- Google has started rolling out Chrome 80 for desktop and Android users.
The first big change that this update brings is the changing the way Chrome handles cookies. Cookies are nothing but simple text-based files that websites exchange with the browser.
Chrome earlier allowed all cookies to load without any restrictions about where the cookie was being loaded from. This allowed websites to track users as they move across the web using the cookies they load via ads and tracking scripts.
Google is now changing this to secure the users data by enforcing a new secure-by-default cookie classification. Google will now disallow setting the SameSite tag to ‘none’ and it will default to ‘lax’. This means that the user’s cookies will only be available to other sites from top-level navigations.
Another change that this update brings is quieter notifications. With this, Chrome will block notifications from websites by default instead of the user having to do it.
The quieter notification setting can be enabled once you get the Chrome 80 update.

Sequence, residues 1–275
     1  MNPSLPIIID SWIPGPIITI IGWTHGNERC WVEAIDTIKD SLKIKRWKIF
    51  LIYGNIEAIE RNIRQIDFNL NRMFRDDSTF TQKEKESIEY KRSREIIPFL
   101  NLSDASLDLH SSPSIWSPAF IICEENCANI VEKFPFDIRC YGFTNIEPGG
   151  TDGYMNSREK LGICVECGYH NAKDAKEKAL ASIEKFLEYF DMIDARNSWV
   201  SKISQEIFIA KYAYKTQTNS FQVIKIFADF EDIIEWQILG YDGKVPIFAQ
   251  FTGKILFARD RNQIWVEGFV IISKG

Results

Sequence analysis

- Go to Settings > Site Settings > Notifications.
- Now, enable the checkbox for ‘Use quieter messaging’.
Mixed content upgrade
As part of Google’s three-step plan to eliminate mixed
In its next upgrade in Chrome 81, Google will auto upgrade mixed images to HTTPS and block them if they fail to load.
Chrome 80 will also bring support for blocking heavy ads that use too many resources, such as CPU or RAM on desktop and Android devices. The update will also allow developers to use scalable SVG images as favicons and allow authors to link a specific portion of a webpage by adding a text fragment to the website URL.
Coming to the security patches, the Chrome 80 update brings a fix for 56 vulnerabilities identified in the browser.
Google Chrome will now alert you when your password has been stolen
Microsoft's newest internet browser is so good that I forgot I switched from Google Chrome
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